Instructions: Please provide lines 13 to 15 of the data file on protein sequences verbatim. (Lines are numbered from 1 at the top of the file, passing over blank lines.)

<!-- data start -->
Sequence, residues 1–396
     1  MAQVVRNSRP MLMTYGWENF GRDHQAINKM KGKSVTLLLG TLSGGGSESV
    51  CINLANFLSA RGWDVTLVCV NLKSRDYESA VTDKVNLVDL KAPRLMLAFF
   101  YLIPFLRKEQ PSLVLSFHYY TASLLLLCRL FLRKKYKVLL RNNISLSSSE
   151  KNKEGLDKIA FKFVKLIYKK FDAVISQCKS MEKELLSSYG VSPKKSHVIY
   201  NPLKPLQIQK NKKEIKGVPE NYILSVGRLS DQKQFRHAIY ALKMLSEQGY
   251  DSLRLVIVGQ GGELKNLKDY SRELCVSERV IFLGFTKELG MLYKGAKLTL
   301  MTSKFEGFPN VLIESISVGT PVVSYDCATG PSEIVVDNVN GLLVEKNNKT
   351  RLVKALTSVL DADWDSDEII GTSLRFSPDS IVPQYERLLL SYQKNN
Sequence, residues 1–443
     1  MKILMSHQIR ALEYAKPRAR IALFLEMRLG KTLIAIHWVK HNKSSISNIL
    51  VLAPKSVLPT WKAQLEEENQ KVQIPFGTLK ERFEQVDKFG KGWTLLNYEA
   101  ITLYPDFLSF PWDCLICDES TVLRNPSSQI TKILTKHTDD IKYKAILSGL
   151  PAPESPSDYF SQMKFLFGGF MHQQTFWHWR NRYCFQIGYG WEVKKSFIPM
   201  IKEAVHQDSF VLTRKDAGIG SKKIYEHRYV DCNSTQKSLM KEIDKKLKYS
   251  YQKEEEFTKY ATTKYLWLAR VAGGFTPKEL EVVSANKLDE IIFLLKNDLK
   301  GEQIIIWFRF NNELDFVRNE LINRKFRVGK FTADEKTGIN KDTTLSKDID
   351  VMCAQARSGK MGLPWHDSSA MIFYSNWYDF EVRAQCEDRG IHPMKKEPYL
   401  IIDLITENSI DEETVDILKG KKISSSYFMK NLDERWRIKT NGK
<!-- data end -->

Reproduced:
   101  ITLYPDFLSF PWDCLICDES TVLRNPSSQI TKILTKHTDD IKYKAILSGL
   151  PAPESPSDYF SQMKFLFGGF MHQQTFWHWR NRYCFQIGYG WEVKKSFIPM
   201  IKEAVHQDSF VLTRKDAGIG SKKIYEHRYV DCNSTQKSLM KEIDKKLKYS